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Re: bone meal, rot

> >in my soil, the addition of bone meal produces
> >rot in bearded irises as well,
> Any ideas why?  
> Phosphorus is supposed to be good for roots, but thinking of Donald's earlier
> post about mycorhizae...One of the benefits of mycorhizal root fungi is an
> enhancement of the plant's ability to extract phosphorus from soil.  Studies
> of other kinds of plants (I haven't turned up anything on iris yet) have
> shown that if plants have plenty of nutrients available, like when we add
> fertilizer, their roots often will NOT be colonized with mycorhizae.  So if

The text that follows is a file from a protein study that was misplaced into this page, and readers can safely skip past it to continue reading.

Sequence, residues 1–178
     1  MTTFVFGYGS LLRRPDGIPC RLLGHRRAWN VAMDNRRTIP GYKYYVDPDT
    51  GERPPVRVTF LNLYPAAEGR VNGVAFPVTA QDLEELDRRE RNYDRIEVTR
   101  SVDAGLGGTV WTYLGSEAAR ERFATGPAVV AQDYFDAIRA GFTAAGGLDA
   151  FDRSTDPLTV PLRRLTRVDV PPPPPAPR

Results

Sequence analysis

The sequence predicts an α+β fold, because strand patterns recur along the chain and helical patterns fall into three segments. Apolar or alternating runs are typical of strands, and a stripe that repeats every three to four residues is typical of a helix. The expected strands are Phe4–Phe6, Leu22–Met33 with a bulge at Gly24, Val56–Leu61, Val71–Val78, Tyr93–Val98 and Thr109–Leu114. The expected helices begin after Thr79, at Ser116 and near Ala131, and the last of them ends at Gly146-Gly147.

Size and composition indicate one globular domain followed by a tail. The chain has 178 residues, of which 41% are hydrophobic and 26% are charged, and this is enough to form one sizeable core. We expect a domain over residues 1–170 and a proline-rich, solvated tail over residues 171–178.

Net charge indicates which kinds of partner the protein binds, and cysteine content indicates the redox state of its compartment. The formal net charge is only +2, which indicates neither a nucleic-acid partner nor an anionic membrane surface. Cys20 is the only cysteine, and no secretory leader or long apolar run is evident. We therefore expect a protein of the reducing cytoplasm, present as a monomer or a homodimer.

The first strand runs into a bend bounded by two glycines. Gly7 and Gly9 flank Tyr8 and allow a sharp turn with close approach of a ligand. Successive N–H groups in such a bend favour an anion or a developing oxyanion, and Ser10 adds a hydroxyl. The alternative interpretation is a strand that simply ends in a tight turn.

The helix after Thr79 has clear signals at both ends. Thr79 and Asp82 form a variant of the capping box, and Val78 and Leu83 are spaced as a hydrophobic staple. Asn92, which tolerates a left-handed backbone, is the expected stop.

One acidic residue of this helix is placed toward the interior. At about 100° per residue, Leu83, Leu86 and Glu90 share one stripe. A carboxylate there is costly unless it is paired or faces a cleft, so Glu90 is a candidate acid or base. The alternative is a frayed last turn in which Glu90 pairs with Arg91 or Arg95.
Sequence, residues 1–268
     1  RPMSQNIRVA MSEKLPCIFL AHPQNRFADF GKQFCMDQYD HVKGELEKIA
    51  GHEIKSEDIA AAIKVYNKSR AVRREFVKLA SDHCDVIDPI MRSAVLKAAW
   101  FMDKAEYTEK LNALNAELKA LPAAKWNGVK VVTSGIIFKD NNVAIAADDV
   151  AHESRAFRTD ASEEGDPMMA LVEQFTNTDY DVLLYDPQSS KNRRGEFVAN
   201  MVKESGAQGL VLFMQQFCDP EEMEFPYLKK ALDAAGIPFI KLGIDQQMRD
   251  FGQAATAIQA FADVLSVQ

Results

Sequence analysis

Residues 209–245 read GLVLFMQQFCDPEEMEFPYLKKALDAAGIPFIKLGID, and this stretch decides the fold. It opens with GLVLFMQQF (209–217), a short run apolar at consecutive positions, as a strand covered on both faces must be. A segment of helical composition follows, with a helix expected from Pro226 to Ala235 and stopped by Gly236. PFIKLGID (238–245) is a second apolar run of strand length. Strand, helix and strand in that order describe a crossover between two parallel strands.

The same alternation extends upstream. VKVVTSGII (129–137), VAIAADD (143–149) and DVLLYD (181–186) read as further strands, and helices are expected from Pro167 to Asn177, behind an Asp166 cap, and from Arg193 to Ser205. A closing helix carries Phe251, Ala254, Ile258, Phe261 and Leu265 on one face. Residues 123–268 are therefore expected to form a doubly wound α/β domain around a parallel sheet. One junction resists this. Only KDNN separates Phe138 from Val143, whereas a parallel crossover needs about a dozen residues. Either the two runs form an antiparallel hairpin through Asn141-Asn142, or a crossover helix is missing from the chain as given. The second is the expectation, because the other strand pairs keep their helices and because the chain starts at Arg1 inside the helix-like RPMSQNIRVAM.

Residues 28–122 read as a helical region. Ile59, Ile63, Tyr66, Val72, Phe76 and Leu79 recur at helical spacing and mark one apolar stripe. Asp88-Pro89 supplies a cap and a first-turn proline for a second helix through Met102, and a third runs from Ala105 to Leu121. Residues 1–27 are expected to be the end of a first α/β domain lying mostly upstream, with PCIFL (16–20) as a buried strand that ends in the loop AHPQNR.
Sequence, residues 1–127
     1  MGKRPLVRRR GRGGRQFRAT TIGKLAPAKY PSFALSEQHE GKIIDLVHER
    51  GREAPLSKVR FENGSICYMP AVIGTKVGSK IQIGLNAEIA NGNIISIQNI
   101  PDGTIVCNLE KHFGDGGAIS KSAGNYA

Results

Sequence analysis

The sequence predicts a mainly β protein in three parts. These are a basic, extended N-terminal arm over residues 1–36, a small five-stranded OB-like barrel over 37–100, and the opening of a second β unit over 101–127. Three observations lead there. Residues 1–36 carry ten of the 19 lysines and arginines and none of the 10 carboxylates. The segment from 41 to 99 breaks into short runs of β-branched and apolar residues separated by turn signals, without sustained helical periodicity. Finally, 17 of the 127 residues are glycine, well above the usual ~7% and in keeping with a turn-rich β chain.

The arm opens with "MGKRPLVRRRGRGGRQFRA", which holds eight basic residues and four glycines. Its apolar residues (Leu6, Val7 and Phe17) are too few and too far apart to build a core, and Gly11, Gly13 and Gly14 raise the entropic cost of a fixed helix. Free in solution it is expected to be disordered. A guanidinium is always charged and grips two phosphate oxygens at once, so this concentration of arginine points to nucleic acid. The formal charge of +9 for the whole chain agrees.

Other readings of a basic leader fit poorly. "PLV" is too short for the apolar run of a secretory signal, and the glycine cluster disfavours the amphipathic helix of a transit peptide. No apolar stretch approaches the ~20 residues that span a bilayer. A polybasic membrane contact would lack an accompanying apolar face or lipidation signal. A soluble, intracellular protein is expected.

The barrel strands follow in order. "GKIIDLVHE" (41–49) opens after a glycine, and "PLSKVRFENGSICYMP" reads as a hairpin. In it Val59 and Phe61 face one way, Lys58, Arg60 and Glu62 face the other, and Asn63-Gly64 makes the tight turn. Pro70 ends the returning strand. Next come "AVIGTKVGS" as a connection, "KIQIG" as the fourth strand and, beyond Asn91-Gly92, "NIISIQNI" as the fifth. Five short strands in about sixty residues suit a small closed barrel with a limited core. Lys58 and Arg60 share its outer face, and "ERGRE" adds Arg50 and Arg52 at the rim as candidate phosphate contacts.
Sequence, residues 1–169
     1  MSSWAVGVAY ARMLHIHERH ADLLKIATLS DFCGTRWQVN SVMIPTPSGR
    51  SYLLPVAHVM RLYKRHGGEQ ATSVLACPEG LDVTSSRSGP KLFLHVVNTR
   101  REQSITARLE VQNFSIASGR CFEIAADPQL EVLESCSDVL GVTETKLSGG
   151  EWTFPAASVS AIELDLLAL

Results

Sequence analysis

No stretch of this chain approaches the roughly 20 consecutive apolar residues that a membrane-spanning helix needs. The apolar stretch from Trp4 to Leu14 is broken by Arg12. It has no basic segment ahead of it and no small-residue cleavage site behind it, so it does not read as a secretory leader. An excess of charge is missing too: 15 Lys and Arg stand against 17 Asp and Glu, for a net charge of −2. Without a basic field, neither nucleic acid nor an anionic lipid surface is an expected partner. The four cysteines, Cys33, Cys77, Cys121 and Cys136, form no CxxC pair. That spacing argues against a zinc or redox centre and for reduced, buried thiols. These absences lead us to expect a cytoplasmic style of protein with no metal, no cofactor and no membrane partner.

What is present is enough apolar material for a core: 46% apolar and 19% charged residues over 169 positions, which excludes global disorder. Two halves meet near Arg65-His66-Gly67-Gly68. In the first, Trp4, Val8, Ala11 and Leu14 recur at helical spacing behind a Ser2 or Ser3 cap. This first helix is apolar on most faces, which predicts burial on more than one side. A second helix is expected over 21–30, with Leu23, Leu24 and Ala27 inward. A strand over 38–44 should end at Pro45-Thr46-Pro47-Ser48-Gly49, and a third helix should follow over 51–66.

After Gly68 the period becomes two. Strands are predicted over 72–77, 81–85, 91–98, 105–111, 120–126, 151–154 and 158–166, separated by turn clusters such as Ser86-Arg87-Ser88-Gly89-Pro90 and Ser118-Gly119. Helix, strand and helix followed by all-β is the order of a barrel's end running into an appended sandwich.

> Donald's hypothesis is right, maybe with extra bone meal, you get less
> mycorizae, and that leaves the roots more vulnerable to attack from other
> kinds of fungi and maybe bacteria.  ????

First off, I thought it was Potash (K) that was good for roots, as in
N (Nitrogen):  shoots
P (Phosphorus):  blooms
K (Potassium):  roots / cold-heat tolerance

So much is focussed on the first two, relatively little on the last.
N is found in abundance in blood meal, P in bone meal:  these constitute
major fertilizers for spring bulbs (the bone meal) and pansies (the
blood meal).

Am I wrong in this?  I can definitely relate that if the plant doesn't
have to work very hard to obtain essential nutrients, it might get
fat & lazy and thus susceptible to disease, as we humans are.  Or
perhaps the excess nutrients are toxic to the mycorhizae?

Amy Moseley Rupp
amyr@mpd.tandem.com, Austin, TX, zone 8b
Jill O. *Trades
Mistress O. {}

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